Only few patients had a sense of reverence (and thus restraint) towards the doctor as described in the literature (Hall et al. 2012). Group-specific differences were found regarding school education: patients with low school education were more likely to feel obligated (12.5%) than patients with high school (8%) or intermediate school education (4.5%). Whereas a few decades ago a paternalistic attitude regarding therapy decisions prevailed, patients today are aware of their right to self-determination and freedom of choice (Krishnan and Kasthuri 2007).
Patients were generally satisfied with the information provided, also during the follow-up. However, retrospectively, dissatisfaction was noted regarding information about alternative therapies: 40% stated that they did not feel well informed in this regard. Comparing this to the first survey, it is striking that initially only 29% of the patients stated that information on alternative therapies was important to them. Thus, a change in the need for information during cancer treatment can be assumed, especially for those who do not respond to cancer therapy. A central insight of this survey is that even if there is no alternative therapy option, this information should also be communicated to improve patient satisfaction. 30% of patients were only partially or not satisfied with the display of opportunities and risks of the planned therapy. To discuss risk, van de Water et al. suggest that clinicians should not only use words when describing risks but at least also use some form of numbers or visualization (van de Water et al. 2020).
Still, the influence of emotions should not be underestimated here. According to Visser et al. patients often cannot remember relevant topics of their informed consent talk due to fear, agitation or pain.(D'Souza et al. 2015; Sariturk et al. 2017; Visser et al. 2017). This is of pivotal relevance when the doctor must break bad news as e.g. the lack of curative treatment options. Although in this survey most patients knew their treatment goal after the informed consent talk, for 20% of the patients it was not or only partially clear. Strikingly, most of them had a palliative therapy goal.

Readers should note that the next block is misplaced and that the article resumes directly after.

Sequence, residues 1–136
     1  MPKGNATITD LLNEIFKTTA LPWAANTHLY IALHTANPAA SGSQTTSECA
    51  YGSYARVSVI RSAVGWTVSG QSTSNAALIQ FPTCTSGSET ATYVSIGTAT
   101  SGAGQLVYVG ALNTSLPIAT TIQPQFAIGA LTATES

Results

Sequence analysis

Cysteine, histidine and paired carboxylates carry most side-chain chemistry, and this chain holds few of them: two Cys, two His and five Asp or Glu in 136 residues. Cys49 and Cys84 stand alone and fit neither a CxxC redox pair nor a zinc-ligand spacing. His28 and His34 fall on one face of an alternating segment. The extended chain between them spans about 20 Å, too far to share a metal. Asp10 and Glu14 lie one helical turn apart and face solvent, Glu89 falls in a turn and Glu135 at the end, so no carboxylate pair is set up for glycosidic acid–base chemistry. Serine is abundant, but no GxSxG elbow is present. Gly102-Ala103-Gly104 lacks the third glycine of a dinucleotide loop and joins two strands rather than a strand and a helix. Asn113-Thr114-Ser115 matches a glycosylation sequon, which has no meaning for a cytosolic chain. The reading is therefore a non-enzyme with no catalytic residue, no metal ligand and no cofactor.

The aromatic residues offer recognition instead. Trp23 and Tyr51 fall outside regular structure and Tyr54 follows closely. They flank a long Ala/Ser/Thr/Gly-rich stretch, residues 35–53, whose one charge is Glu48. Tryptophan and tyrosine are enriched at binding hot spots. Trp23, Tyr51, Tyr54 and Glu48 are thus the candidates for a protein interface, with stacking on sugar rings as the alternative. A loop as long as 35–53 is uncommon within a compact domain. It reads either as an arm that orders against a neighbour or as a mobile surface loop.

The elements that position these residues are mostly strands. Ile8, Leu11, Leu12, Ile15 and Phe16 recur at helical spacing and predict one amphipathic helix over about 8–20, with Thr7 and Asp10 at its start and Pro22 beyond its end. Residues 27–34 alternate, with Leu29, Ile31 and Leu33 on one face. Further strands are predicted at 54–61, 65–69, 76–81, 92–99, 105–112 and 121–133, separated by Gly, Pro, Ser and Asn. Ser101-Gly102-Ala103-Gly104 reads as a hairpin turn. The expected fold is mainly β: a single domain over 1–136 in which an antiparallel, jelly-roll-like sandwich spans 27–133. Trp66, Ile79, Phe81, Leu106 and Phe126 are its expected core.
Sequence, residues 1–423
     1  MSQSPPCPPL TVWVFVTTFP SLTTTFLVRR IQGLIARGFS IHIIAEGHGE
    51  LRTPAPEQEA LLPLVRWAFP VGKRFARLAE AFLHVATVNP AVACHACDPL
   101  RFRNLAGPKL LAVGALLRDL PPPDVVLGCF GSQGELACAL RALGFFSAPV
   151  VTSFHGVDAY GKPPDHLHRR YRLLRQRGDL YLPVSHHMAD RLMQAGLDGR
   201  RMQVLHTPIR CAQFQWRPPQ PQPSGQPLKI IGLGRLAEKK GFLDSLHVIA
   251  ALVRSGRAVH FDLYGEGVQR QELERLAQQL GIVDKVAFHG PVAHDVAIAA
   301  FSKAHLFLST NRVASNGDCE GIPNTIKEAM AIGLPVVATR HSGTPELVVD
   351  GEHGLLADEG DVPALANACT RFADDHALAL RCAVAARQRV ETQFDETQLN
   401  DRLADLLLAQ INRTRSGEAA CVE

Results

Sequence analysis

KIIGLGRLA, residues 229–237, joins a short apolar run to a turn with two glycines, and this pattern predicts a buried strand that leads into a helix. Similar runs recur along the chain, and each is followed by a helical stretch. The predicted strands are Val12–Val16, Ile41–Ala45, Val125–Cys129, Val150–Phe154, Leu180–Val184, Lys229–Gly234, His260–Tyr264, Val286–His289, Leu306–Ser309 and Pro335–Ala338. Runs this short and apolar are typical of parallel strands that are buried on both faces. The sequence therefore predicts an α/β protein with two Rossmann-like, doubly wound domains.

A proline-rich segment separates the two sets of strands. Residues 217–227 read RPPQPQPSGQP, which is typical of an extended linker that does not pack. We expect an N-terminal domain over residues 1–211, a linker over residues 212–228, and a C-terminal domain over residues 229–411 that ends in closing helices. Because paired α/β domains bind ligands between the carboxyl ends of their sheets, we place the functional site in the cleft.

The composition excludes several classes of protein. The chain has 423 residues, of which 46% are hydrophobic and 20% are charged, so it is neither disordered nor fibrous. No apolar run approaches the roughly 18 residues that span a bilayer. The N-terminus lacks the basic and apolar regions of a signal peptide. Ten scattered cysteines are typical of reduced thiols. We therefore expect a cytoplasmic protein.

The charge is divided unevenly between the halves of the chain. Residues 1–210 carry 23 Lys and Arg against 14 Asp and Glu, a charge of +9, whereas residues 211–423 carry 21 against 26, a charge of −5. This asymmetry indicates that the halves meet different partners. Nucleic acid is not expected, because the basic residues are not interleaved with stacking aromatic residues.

To objectify the level of patient understanding in future projects, the use of validated questionnaires as the EORTC QLQ-INFO25 questionnaire is promising (Arraras et al. 2011). To increase patients satisfaction and the level of understanding during the informed consent process, potential new techniques as conducting structured interviews, using “feedback techniques” or audiovisual tools such as tablets with PowerPoint presentations containing the most relevant information should be considered (Sanchini 2013; Glaser et al. 2020). So called "patient coaches", as sometimes established in clinical trials, could help to provide information instead of the doctor. Handing out additional informative material to optimize patient understanding seems less important, since only 60% of patients read the written material completely.
Finally, with increasing demographic aging, informed consent forms need to be adapted in terms of readability. An optimized, age-adapted version should have a larger font size and stronger contrasts, as well as simpler and more concise language (Spellecy et al. 2018; Glaser et al. 2020)—not only for elderly patients. The impact of these features on patients’ satisfaction and understanding of the informed consent process have to be evaluated in future trials.